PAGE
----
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The Rue Royale Cocktail

Here’s my entry in the Monteleone Hotel’s cocktail competition — the hope is that this drink gets to be called “The Monteleone Cocktail” for good. As you may recall from previous posts over the past couple of weeks, the Monteleone Hotel in New Orleans is hosting a cocktail contest for their new signature drink, in honor of the 60th anniversary of their legendary and venerable Carousel Bar. The competition will no doubt be as stiff as the drinks, so wish me luck!

While I wasn’t really using the hotel’s other signature drink, the Vieux Carré, as a jumping-off point, I did want to have rye as a base spirit. As it turned out, there’s a slight similarity between the drinks in some of the proportions, but this goes off in a different direction, with a balance of bitter and sweet and spicy and malty that Wes and I both really liked. Here’s hoping you like it too (not to mention the contest judges!).

The Monteleone Cocktail (candidate)

The Monteleone Cocktail
(Tentatively named pending cocktail contest results.)

Rue Royale
(Renamed, as another cocktail was chosen for the contest winner)

1 ounce Sazerac Rye (6 Year).
1 ounce Bols Genever.
1 ounce Dolin Vermouth Blanc.
1/2 ounce Averna.
2 dashes Peychaud’s Bitters.
1 dash Regans’ Orange Bitters No. 6.
Orange peel.

Combine ingredients with cracked ice and stir for 30 seconds. Strain into a chilled cocktail coupe and garnish with the orange peel after giving it a mighty twist.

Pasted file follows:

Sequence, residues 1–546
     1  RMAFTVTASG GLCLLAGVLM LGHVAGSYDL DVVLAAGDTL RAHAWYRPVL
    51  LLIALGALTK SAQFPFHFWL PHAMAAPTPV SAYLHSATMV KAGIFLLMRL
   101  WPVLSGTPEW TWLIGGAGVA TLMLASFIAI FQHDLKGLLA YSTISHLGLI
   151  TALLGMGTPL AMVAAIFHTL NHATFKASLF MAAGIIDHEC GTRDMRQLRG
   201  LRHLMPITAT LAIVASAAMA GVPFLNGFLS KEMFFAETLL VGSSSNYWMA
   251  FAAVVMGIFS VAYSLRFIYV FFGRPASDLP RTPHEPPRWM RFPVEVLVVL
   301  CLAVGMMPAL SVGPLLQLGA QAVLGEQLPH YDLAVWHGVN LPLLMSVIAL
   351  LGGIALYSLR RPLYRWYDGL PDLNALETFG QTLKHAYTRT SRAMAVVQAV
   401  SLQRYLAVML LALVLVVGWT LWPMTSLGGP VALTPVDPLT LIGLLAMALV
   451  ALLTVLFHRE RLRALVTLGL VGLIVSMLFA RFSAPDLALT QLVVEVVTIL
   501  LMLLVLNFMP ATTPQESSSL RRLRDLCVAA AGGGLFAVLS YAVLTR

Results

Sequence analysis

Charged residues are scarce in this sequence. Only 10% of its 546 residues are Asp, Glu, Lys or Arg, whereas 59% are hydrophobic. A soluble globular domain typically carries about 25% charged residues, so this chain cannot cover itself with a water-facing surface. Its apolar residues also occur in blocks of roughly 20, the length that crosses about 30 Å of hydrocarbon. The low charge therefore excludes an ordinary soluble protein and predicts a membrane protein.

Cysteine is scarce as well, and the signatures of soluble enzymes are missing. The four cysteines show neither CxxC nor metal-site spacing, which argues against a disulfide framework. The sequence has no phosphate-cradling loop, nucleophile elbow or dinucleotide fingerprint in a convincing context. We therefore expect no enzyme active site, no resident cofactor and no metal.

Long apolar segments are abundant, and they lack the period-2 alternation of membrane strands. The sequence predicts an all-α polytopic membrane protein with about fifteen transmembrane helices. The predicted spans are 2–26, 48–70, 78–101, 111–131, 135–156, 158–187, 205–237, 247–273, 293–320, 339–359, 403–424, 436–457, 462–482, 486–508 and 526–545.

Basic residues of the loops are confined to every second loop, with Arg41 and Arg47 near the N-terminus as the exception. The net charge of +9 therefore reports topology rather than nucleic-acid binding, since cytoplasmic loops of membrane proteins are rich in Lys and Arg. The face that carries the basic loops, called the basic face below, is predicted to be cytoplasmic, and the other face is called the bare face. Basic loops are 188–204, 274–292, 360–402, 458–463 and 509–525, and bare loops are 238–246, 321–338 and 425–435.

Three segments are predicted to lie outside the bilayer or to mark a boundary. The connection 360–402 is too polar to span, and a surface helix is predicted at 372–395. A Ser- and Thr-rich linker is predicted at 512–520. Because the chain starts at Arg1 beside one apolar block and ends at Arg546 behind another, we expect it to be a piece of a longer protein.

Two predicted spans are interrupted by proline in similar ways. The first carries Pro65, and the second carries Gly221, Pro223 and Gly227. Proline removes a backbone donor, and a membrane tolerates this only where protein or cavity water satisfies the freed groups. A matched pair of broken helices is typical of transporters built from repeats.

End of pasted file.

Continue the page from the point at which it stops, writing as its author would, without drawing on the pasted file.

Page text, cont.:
The rye is there to provide a solid foundation of whiskey and spice, and is there for New Orleans. I was fascinated by the combination of whiskey and genever, which the malty, whiskey-like characteristic of this genever in particular. (My original idea was to try this with Ransom Old Tom Gin, a new barrel-aged Old Tom co-developed by David Wondrich, which I tasted in Seattle and went mad for, but it’s not available yet.) I wanted an aromatized wine as a moderator, and the newly-imported Dolin Blanc is a fantastic product I’ve fallen completely in love with. It’s a sweet white vermouth, along the lines of a bianco from Cinzano or Martini & Rossi but with a really tremendous flavor, and with the sweetness held back a bit. The Averna is because I love amaro, because wanted a pleasantly bitter element which the Dolin helps balance well, and also to honor the Sicilian heritage of Signor Antonio Monteleone, the founder of the hotel. Peychaud’s for spice and for the city, and as I was trying out early incarnations and got close, we thought it needed one little extra bit of brightness, which the orange bitters provide.

Well, that’s my story, anyway, and I’m sticking to it.

If it doesn’t win I’ll still keep making it, and it’ll just get renamed. Maybe I’ll call it the Antonio, after Signor Monteleone. But let’s not get ahead of ourselves; I’d rather it be called the Monteleone.

UPDATE, 5/22/2009: Alas, another cocktail won the contest, but I think this drink is a keeper. It’s being renamed the “Rue Royale.” (Thanks to Wes for the name suggestion!) And congratulations to contest winner Brian Robinson of The Wormwood Society.


Mixology Monday XXXVIII: Superior Twists

Another month, another MxMo! I actually managed to get one together this weekend (and posted it while wheezing and hacking, home sick today, bleh), and it’s a subject dear to my heart. No, not who cuts prettier citrus garnishes, but twists on classic or otherwise established cocktails. Tristan Stephenson of the United Kingdom is our gracious host this month, and details his current cocktail desires as ones “that for one reason or another do an even better job than the drinks upon which they are based.”